New school, high school dance, first date, college, job interview. You were nervous, and your mother would say, “Just be yourself. You’ll be great!”
(Picture her smoothing down a stray hair or straightening your tie).
She was not talking about the you who left dirty clothes on the floor, broke curfew, got a bad grade, moaned about chores, talked back, or generally got up to no good. She was talking about your very best self: the one that exemplified the attributes she most admired in her own offspring, not to mention the home training she worked so hard to instill.
I think the exhortation–along with its implicit directives–holds lessons for life in digital age.
1 – Count to ten. Before you post that screed about whatever is ticking your off to your Facebook timeline or shoot off an email tirade, take a breather to consider the consequences. I once advised an employee who was prone to vent electronically to write the angry email, save it as a draft, and then go back later to see if he still felt he should send it.
2 – Do unto others. I see this from time to time on Twitter: 140 snarky and harsh characters from one Tweep and a response in kind from another. First Tweep takes umbrage. Second Tweep RTs the offending Tweets to the world. The Golden Rule is especially golden in the 21st Century.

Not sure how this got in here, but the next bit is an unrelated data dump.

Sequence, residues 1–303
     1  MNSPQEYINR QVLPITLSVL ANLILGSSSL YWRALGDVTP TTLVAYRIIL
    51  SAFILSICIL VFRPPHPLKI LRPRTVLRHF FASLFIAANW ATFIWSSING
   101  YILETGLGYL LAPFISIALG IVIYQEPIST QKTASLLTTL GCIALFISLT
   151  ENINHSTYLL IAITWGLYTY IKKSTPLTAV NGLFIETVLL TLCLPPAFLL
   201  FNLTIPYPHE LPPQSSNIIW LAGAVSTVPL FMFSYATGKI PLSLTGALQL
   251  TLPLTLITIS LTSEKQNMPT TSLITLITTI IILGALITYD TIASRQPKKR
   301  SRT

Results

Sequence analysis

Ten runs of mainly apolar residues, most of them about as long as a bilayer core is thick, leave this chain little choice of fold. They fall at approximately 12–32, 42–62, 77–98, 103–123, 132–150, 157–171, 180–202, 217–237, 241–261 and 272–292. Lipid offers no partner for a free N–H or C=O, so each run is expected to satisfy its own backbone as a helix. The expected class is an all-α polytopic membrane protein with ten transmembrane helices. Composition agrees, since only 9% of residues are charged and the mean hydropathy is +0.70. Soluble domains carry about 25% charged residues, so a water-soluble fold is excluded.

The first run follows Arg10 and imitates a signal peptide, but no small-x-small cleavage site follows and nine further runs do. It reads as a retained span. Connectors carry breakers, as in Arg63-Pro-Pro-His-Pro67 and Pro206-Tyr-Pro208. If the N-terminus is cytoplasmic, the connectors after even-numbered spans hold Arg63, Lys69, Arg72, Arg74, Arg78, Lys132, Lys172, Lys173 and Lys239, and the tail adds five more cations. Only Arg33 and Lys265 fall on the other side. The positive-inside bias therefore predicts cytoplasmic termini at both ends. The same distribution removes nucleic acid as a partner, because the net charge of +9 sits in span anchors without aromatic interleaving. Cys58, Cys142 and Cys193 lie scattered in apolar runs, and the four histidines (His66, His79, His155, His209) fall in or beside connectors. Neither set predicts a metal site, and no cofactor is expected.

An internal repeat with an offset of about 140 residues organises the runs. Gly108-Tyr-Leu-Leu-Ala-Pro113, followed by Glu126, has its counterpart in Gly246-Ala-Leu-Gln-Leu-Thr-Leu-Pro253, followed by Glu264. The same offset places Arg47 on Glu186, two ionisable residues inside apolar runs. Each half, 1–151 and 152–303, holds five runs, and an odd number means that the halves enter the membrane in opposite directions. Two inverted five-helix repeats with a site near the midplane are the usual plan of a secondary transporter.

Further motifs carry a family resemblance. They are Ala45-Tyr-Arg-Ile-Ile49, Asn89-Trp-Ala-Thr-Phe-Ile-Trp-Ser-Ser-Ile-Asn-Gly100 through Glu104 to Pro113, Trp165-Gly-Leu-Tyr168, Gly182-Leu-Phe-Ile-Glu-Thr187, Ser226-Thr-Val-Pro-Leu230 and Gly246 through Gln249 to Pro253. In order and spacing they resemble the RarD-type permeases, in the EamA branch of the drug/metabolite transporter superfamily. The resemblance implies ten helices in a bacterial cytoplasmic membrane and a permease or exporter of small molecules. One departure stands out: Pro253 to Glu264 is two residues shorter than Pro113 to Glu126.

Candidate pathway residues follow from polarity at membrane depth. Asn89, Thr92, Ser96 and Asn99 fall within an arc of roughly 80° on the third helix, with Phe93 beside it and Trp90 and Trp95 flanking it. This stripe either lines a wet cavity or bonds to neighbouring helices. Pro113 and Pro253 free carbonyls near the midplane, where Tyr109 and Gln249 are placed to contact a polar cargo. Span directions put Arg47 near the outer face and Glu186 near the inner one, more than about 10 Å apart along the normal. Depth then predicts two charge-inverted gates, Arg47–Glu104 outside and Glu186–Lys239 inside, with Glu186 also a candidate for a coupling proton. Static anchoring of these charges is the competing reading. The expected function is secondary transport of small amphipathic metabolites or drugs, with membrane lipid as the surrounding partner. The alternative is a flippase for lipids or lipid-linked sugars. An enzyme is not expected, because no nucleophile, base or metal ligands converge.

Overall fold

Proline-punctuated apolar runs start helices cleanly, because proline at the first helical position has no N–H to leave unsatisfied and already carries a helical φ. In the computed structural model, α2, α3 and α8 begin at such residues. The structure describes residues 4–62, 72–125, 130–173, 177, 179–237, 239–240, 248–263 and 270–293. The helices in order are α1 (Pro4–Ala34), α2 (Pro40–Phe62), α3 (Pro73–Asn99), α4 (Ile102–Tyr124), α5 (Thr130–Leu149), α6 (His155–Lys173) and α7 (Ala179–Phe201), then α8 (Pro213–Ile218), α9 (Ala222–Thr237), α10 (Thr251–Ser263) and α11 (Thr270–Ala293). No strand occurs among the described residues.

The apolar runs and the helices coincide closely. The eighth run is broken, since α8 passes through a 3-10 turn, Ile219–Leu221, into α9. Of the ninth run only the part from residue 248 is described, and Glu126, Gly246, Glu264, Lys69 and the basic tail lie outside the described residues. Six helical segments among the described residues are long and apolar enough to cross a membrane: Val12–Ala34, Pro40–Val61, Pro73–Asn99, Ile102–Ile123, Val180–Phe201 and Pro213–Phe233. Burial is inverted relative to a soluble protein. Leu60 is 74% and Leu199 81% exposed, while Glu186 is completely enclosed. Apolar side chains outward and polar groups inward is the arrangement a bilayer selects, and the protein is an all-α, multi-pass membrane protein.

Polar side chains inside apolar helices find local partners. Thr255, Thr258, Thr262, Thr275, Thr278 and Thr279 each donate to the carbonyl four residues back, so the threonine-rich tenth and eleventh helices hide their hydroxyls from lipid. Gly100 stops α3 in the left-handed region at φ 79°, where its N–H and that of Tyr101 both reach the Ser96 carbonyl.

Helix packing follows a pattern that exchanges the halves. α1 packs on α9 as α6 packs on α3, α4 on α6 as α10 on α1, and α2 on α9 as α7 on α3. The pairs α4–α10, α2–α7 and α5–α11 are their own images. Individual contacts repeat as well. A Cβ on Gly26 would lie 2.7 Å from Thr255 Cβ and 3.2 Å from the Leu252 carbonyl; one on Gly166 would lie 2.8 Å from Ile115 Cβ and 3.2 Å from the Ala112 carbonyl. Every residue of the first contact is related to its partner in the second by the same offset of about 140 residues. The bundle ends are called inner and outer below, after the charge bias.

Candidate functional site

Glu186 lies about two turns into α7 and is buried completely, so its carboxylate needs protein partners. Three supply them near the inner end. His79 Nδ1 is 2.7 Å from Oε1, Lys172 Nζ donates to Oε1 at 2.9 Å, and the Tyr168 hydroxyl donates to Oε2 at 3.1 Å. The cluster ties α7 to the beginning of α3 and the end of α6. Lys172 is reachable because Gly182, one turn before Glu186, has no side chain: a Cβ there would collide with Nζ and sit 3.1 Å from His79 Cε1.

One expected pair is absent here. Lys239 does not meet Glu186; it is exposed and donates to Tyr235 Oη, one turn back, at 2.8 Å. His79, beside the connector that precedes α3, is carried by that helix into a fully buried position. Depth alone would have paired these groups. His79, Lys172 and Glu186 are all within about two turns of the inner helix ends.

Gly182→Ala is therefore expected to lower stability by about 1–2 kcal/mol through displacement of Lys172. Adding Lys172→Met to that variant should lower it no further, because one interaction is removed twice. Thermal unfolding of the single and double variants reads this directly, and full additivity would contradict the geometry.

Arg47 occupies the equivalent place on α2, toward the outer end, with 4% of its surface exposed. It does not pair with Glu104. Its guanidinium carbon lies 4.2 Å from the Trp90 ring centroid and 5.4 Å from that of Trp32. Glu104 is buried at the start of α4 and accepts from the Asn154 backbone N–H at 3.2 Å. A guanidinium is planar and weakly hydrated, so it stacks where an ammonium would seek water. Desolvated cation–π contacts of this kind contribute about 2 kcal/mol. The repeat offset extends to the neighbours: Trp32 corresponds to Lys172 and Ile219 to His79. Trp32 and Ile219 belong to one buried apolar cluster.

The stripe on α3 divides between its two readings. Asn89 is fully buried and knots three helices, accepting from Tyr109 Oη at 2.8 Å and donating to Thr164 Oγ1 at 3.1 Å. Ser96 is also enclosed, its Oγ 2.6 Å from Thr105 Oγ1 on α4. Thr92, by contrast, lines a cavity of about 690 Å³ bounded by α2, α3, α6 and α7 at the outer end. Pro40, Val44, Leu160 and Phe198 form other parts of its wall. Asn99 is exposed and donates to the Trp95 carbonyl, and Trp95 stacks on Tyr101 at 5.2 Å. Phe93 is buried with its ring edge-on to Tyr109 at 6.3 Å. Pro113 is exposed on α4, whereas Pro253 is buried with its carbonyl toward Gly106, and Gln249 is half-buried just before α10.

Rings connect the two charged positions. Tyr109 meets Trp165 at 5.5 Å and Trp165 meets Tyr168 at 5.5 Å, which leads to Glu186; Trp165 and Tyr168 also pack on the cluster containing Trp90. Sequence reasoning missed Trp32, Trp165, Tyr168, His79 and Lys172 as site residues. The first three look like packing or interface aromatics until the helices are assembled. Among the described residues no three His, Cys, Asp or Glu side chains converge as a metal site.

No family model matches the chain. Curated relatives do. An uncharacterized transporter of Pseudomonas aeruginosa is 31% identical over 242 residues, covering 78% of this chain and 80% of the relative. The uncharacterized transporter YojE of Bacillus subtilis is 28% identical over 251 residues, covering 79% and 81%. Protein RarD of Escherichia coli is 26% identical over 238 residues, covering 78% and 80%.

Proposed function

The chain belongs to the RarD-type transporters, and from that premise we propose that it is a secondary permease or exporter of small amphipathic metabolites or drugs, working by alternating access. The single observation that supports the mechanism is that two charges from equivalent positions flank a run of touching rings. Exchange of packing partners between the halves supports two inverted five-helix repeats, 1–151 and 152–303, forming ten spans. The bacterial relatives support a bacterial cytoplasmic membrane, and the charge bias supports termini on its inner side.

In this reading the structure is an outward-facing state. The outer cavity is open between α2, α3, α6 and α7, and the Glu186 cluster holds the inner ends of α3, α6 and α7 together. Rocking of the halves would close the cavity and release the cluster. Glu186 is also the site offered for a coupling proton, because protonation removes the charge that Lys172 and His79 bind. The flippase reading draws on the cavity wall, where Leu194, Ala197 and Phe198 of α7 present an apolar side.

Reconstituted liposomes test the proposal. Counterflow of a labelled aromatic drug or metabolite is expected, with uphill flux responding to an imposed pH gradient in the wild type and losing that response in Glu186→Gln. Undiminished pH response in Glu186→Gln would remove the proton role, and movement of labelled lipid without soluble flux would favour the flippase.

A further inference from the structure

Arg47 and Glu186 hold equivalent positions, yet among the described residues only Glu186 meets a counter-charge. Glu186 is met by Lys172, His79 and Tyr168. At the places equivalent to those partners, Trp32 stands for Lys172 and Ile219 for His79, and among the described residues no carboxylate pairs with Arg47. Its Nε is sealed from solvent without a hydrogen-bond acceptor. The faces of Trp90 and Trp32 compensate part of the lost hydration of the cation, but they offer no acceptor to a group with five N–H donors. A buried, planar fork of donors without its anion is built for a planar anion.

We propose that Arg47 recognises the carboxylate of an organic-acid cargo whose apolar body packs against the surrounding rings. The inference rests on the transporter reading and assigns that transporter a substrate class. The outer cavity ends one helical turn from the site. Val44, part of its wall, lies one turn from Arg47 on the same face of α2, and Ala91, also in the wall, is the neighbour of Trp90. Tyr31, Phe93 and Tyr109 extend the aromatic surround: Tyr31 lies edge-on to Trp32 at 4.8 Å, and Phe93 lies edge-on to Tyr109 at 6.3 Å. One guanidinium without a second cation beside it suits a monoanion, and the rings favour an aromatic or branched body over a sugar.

3 – Keep in clean. Do not use naughty words. Think about your reputation before you share photos that show you in a scandalous light. Remember: your best efforts to control privacy settings aside, content you share might be seen by people you never imagined.
4 – Share and share alike. Get beyond using social media for New Age navel gazing. Sure, some of your friends might want to know you just had the best sandwich ever. They might like it even better if you share interesting articles and information that relates to their lives. I get a warm fuzzy feeling when a friend shares a memory like an awesomely bad eighties music video that we once loved or a photo from high school. Even those happy birthday Facebook (HBD, for those who don’t have time to type out the words) posts are appreciated!
5 – If you can’t stand the heat, stay out of the kitchen. In case you hadn’t noticed, social media has evolved way past a fun, consequence-free way to play around on your computer. From time to time, conversations get heated. Things are said that cannot be unsaid. On a very basic level, some people find they simply don’t like the exposure that an active social media life comes with. Or, perhaps, there are platforms you simply don’t find useful or interesting. No one is forcing you to join the club.
And how about these? They are extensions of the five rules above and worth thinking about:
Don’t run with a bad crowd.
Set a good example for others.
Do your homework.
Try it: It might actually taste good.
Some things are private.
We all make mistakes.
You mother wanted you to be happy, loved, and–to quote Oprah–live your best life. She told you life is not fair, you can’t always have your own way, and challenges and disappointments will come. Remember: She was right.